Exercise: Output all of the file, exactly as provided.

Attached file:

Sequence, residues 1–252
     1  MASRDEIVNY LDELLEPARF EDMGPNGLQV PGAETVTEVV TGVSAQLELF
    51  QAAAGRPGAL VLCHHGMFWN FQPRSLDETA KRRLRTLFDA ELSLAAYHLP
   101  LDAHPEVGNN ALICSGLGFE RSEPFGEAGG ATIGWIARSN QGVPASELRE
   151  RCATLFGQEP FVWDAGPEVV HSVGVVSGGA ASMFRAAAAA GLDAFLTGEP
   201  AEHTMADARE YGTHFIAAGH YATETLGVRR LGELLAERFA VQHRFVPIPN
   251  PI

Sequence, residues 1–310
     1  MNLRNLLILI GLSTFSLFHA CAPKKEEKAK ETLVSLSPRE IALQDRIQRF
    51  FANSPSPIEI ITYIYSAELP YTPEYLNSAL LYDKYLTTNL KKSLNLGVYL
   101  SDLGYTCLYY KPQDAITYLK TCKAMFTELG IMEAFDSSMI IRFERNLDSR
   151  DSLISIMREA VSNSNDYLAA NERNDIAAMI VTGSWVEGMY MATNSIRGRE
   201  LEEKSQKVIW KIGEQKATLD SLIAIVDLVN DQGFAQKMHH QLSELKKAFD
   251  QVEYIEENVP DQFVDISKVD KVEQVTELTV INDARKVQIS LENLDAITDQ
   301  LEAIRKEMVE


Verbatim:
Sequence, residues 1–252
     1  MASRDEIVNY LDELLEPARF EDMGPNGLQV PGAETVTEVV TGVSAQLELF
    51  QAAAGRPGAL VLCHHGMFWN FQPRSLDETA KRRLRTLFDA ELSLAAYHLP
   101  LDAHPEVGNN ALICSGLGFE RSEPFGEAGG ATIGWIARSN QGVPASELRE
   151  RCATLFGQEP FVWDAGPEVV HSVGVVSGGA ASMFRAAAAA GLDAFLTGEP
   201  AEHTMADARE YGTHFIAAGH YATETLGVRR LGELLAERFA VQHRFVPIPN
   251  PI

Sequence, residues 1–310
     1  MNLRNLLILI GLSTFSLFHA CAPKKEEKAK ETLVSLSPRE IALQDRIQRF
    51  FANSPSPIEI ITYIYSAELP YTPEYLNSAL LYDKYLTTNL KKSLNLGVYL
   101  SDLGYTCLYY KPQDAITYLK TCKAMFTELG IMEAFDSSMI IRFERNLDSR
   151  DSLISIMREA VSNSNDYLAA NERNDIAAMI VTGSWVEGMY MATNSIRGRE
   201  LEEKSQKVIW KIGEQKATLD SLIAIVDLVN DQGFAQKMHH QLSELKKAFD
   251  QVEYIEENVP DQFVDISKVD KVEQVTELTV INDARKVQIS LENLDAITDQ
   301  LEAIRKEMVE